The Observer (Kampala)

Uganda: Fedex, ICEA in Shs 1.2 Billion Law-Suit

Irene Muteteri says that in 1994, she received four art pieces from her German mother-in-law as a wedding gift.

The artworks were 18th century drawings by the prominent and classical painters Albert Joseph Moore, Jean Frederic Schall, John Zoffany and Antoine Pesne.

Since then, Muteteri kept the paintings as decoration in her house in Mbuya. In 2009, however, Muteteri told court in Kampala last week, her Israeli friend Eli Levi offered to find a potential buyer for these valuable paintings. Through his connections, Levi identified a one Joseph Gabai as an interested buyer.

Since there was no previous valuation for these paintings, Muteteri used the little knowledge she had to come up with a valuation of $600,000 (about Shs 1.2bn as per the exchange rate then) for all the four paintings. In an agreement that Muteteri signed with Gabai, she says, she was supposed to transport the paintings at her cost and would receive payment on delivery of the goods.

Muteteri, therefore, contacted East African Courier (U) Ltd [licensee of FedEx Express Corporation] to transport the artwork. After inspection of the artwork, FedEx agreed to transport the goods but advised Muteteri to get insurance cover for the goods since they were of a much bigger value.

She was thus referred to the Insurance Company of East Africa (ICEA), who insured the artwork at a transaction value of $600,000. She was given a certificate of marine insurance by ICEA and goods were discharged on October 26, 2009. Both FedEx and ICEA clearly described the paintings in the airway bill, insurance documents and all other related documents. FedEx packaged the items.

Muteteri, however, noticed a delay in delivery. She said she notified a one Nasser Matovu from ICEA about the delay. When the goods finally arrived on November 22, 2009, they were opened by FedEx and customs officials in the presence of the police in Israel. They were empty!

The recipient immediately contacted Muteteri who rushed to the ICEA offices the next day and filed an official report of the loss of her artwork in transit. She said she surrendered all the required documents to them.

On November 24, two days later, Muteteri wrote to FedEx, through Impala Legal attorneys and consultants, holding them responsible for the loss of the artwork and requiring them to reimburse her costs. She says she received no response.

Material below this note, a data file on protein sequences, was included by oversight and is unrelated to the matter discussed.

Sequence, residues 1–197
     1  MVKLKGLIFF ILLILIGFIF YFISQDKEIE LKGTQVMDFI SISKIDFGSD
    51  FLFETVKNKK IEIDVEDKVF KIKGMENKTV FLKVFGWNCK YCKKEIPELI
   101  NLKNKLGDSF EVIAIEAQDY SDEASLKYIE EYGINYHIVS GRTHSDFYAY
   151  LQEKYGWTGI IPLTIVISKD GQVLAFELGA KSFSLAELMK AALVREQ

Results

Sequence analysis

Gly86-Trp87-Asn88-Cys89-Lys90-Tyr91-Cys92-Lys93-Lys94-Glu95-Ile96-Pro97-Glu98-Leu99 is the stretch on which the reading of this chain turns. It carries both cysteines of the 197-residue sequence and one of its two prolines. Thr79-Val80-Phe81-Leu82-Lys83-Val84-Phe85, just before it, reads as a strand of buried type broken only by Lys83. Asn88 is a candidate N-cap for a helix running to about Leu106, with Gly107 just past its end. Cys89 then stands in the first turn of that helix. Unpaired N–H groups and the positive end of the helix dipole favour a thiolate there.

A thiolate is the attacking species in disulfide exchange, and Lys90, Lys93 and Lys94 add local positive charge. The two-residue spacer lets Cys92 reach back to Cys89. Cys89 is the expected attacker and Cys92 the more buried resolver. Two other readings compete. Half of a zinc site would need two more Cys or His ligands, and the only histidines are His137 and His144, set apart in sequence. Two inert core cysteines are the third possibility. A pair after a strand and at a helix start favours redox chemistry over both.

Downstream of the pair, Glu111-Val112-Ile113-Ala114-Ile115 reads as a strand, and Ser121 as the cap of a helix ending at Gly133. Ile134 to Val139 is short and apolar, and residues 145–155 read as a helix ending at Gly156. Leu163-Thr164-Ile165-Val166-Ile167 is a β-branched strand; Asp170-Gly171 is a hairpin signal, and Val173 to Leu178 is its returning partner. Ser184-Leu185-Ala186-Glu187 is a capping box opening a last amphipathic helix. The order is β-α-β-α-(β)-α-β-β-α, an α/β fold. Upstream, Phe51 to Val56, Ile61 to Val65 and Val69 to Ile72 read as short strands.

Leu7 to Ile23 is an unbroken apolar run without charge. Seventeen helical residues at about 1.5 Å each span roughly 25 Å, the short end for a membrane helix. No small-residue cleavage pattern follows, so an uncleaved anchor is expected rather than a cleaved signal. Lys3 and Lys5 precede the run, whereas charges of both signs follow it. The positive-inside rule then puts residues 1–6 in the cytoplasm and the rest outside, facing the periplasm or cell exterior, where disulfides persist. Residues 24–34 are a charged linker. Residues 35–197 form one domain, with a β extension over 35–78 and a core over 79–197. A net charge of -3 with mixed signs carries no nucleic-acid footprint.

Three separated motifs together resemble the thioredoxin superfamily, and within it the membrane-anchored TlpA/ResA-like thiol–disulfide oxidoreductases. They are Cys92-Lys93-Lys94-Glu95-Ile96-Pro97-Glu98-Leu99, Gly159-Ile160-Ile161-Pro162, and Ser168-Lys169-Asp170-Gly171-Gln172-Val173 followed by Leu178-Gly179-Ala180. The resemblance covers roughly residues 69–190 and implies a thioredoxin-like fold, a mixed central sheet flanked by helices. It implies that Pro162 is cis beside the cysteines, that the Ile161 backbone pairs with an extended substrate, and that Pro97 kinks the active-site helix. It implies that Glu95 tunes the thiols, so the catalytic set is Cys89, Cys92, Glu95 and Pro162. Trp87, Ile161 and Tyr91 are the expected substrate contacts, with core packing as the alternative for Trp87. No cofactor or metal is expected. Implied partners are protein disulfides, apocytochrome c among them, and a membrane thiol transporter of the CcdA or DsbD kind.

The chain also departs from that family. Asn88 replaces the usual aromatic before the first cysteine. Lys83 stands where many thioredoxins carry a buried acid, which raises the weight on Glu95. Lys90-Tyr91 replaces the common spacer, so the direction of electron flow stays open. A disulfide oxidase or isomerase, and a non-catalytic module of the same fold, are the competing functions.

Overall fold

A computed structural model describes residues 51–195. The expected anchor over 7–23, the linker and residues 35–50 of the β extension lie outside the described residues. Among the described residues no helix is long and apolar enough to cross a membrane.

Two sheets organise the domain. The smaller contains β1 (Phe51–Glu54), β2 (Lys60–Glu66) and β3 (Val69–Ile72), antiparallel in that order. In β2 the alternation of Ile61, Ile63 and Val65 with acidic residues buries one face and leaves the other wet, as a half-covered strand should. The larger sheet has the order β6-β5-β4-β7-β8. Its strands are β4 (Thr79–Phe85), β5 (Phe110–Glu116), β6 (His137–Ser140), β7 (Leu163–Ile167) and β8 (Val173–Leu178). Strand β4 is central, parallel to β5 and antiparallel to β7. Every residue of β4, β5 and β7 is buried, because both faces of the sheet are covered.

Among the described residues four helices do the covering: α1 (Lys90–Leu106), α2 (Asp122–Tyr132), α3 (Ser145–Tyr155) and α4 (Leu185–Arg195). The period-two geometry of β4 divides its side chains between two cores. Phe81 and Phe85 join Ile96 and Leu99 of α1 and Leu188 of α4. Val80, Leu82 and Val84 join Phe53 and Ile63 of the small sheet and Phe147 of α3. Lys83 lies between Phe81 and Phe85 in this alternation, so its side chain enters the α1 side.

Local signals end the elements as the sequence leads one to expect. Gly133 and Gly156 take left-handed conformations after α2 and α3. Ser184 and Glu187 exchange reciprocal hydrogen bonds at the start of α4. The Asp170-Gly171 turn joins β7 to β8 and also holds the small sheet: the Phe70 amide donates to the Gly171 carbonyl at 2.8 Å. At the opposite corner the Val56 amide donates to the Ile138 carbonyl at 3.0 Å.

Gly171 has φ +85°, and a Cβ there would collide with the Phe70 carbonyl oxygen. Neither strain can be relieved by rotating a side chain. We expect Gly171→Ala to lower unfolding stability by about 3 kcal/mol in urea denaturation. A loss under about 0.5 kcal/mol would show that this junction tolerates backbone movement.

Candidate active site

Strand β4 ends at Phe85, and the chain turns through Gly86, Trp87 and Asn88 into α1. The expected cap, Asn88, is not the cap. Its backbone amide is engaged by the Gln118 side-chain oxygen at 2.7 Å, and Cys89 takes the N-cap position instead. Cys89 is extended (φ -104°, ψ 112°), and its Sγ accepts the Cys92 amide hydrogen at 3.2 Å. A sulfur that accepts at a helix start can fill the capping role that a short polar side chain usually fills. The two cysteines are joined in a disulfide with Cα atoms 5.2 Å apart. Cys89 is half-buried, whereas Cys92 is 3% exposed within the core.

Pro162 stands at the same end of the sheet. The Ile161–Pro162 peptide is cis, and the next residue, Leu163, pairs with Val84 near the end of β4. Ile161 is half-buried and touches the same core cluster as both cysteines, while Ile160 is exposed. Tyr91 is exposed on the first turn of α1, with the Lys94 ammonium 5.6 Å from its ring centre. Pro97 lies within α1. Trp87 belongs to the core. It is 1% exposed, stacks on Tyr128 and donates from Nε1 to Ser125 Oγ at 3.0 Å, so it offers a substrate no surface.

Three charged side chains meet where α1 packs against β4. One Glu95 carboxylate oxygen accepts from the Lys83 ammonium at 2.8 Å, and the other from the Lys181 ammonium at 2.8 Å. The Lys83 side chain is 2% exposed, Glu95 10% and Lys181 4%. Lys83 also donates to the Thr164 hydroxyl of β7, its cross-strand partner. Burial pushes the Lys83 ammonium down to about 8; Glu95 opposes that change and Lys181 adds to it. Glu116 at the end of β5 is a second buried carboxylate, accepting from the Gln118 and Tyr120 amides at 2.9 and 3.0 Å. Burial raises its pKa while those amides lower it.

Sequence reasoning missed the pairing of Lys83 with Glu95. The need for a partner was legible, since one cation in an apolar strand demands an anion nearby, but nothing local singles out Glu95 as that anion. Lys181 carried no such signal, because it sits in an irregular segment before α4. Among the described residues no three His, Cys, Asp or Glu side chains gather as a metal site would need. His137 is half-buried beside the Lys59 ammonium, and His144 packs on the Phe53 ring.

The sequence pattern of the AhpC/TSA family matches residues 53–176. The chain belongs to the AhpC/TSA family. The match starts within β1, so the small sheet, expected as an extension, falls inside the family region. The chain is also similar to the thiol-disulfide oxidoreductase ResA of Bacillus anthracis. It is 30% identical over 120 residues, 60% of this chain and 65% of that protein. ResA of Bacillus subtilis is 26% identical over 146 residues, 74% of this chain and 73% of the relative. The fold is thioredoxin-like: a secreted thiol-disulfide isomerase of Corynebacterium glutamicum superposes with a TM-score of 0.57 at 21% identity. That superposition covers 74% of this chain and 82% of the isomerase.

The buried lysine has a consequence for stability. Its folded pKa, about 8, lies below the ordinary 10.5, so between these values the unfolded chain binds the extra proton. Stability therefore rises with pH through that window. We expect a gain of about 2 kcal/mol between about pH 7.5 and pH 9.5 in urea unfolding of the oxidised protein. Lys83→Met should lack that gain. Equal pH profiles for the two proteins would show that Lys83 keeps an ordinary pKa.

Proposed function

On January 10, 2010, Muteteri, through the Kampala Associated Advocates, wrote to FedEx reiterating the demand for reimbursement of the value of the package and other costs incurred. FedEx replied on January 15, through Rugasira and Company Advocates and accepted responsibility of losing the goods in transit but indicated that their liability is limited to $100.

On March 9 2010, ICEA wrote to Muteteri's lawyers and denied liability on grounds that Muteteri violated the condition of insurance agreement that required her to report the loss immediately or in any event not later than three days from the date of delivery. But Muteteri insists that she reported the matter the following day after receiving the information that the goods had not reached their destination.

Muteteri, therefore, filed a case against the two in the High court of Uganda [Commercial Division] suit number 203 of 2010 presided over by Hon Justice Hellen Obura.

She sued FedEx as the first defendants on claims of failure to ensure proper labelling and handling of the package, failure to ensure that the package was properly delivered to its destination, misplacement and loss of the paintings.

She also sued ICEA as the second defendants for breach of contract of insurance. She is demanding $600,000, courier charges worth $1,200, insurance costs of $9,000, interest on the sum of $600,000 from January 2010 till payment in full. She is also claiming general damages and all legal fees.

Although the case was filed in 2010, it has dragged on since then. During the hearing on September 6 last year, Muteteri made her testimony but Judge Obura ordered the plaintiff's counsel to serve the first defendants (FedEx) to make their appearance in court before the main witness (Muteteri) finishes her testimony because some claims were directed at them.

In a recent hearing on February 12, 2013, FedEx still failed to make it to court while ICEA were represented by Peters Musoke of Shonubi, Musoke and Co Advocates. The judge thus ruled that Muteteri finishes her testimony but there could be no cross examination since the first defendant was absent.

The case was adjourned to April 29-30 and May 2 where the respondents will present their case.

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